Negotiating the Best Starting Salary for Your New Job

When you start a new job, you have a “starting salary” — what you are paid at the start of your tenure in that position. The right starting salary is very important. Negotiating it can be challenging and a little scary, but the techniques and information in this article should help you understand your options.

The size of that starting salary for your new job depends on many things, including:

  • The location.
  • The industry (banking, retail, education, etc.).
  • The function (accounting, marketing, information technology, administration, etc.).
  • The amount of education and experience required to do the job you want.
  • The number of local people who can do the job (your competition).
  • The amount of money the employer can afford (or has budgeted) to pay.
  • How the employer wants to be perceived in the local labor market (as an employer who pays well and is a place people want to work or not).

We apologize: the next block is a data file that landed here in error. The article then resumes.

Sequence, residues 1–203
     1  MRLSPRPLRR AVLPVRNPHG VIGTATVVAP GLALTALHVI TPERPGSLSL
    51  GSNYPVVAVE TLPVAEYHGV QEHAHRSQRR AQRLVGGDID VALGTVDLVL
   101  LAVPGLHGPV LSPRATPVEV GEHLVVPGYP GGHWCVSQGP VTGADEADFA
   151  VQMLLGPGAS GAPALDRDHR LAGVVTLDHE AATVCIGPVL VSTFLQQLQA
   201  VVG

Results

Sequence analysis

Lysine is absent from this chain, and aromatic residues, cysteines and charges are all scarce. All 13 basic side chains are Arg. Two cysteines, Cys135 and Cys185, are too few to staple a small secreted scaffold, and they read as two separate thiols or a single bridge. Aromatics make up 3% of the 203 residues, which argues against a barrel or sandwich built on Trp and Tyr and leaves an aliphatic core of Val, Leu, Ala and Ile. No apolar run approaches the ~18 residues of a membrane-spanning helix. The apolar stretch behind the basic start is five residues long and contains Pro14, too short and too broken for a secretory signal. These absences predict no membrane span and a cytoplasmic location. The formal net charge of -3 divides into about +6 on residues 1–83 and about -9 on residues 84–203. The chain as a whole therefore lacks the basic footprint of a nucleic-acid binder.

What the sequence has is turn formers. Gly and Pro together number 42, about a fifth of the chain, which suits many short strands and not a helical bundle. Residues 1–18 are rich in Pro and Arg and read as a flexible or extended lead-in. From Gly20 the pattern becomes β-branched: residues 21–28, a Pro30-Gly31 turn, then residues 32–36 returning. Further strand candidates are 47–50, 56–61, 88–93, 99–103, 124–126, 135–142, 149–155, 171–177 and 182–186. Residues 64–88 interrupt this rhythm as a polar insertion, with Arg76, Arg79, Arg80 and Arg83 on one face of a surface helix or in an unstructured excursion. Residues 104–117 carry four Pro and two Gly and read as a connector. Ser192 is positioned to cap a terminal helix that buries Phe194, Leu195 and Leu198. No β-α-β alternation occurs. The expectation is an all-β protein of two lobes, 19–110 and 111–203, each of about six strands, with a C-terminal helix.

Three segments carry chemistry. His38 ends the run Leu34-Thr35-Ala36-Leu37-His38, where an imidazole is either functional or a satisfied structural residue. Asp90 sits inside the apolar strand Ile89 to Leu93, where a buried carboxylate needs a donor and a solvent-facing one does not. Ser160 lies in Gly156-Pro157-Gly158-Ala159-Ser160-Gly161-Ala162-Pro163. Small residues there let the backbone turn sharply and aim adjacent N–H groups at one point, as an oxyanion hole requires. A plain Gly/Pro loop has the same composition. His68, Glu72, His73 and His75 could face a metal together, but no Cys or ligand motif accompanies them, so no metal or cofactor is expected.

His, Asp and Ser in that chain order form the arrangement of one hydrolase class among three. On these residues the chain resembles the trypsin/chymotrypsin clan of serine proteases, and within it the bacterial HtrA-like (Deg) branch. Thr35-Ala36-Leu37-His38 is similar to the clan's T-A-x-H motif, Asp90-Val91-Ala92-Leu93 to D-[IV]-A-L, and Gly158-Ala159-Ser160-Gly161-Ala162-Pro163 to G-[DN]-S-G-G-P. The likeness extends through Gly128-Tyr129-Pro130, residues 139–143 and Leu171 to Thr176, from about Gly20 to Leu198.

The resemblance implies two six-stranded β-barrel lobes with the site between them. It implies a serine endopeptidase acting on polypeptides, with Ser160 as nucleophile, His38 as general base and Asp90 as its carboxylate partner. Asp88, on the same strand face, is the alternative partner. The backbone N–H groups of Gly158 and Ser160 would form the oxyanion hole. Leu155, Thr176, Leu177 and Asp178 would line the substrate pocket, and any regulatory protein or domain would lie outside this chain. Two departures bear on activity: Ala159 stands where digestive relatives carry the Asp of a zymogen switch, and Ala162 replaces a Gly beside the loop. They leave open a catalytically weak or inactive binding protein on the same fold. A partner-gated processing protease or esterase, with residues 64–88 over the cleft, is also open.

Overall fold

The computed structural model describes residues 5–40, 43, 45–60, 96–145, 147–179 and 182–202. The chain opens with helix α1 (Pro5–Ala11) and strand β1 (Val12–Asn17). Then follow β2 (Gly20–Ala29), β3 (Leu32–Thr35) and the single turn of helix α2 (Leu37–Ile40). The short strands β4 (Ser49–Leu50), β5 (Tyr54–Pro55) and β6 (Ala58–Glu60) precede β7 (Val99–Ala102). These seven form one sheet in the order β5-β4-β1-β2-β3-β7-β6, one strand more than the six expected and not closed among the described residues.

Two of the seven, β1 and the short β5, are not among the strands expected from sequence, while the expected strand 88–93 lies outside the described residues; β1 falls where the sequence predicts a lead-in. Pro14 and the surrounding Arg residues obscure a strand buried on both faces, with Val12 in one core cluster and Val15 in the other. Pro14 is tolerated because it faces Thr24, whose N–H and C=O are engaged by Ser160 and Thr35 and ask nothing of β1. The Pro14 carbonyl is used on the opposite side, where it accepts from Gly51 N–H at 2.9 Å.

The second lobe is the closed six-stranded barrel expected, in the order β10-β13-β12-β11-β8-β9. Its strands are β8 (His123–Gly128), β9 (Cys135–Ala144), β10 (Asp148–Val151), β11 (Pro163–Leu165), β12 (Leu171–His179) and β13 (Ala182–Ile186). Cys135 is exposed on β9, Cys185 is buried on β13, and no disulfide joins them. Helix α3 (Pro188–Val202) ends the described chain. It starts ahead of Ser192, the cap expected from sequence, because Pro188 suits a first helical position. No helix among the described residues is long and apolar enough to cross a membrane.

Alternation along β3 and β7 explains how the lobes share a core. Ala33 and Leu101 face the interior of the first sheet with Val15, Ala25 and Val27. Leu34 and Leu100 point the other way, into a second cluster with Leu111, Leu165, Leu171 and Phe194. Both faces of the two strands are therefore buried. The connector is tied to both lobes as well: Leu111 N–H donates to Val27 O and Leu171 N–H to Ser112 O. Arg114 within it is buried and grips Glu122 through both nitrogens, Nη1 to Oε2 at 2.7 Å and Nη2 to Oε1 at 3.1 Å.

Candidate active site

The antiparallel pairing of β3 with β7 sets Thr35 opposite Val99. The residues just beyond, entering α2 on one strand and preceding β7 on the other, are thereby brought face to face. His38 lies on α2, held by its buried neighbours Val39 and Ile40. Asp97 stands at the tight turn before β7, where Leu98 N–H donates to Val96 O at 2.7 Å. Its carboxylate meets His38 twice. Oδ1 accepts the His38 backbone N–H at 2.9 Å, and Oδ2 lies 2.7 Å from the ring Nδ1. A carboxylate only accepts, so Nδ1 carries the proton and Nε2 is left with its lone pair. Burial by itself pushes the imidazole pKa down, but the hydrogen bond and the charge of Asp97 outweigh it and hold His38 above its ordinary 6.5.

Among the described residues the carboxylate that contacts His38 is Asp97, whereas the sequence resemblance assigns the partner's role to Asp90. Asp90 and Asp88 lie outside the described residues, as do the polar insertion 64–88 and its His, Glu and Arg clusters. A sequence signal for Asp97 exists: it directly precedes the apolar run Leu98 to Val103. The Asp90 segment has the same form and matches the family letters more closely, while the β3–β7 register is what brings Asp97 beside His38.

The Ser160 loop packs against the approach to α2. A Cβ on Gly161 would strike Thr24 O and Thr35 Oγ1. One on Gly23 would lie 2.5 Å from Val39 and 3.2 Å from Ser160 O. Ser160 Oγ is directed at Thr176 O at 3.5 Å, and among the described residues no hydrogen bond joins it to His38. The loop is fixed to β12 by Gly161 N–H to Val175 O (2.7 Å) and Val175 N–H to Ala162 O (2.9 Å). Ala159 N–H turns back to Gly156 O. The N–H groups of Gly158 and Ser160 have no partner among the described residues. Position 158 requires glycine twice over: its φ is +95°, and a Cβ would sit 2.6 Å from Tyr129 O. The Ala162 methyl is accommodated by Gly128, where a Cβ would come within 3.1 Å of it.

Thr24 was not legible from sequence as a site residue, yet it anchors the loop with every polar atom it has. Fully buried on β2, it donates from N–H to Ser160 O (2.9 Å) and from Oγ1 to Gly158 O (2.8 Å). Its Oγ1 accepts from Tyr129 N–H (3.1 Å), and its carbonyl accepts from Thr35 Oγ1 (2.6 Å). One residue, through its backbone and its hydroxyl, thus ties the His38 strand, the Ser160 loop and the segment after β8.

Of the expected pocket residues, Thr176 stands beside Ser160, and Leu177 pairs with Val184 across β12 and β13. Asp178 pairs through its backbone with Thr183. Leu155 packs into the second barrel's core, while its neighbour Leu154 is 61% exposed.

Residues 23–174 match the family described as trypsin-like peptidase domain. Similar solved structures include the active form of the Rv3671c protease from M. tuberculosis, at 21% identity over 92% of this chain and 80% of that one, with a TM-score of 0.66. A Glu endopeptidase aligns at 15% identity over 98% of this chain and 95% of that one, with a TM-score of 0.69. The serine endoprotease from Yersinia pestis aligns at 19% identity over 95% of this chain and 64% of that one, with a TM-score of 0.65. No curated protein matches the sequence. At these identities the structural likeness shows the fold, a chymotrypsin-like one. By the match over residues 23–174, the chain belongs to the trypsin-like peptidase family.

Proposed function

• How well-qualified and experienced you are.

Your starting salary also is impacted by your interest in the job/employer, your negotiation skills, and your willingness to try to negotiate as well as by the employer’s interest in hiring you.

If the employer isn’t very interested (or has many other people they could hire), they probably won’t do much negotiation. If they are very interested in you, they will negotiate. Many employers expect to negotiate starting salaries. However, some do not want to negotiation and may even withdraw a job offer if pressed for a higher starting salary.

Salary Negotiations
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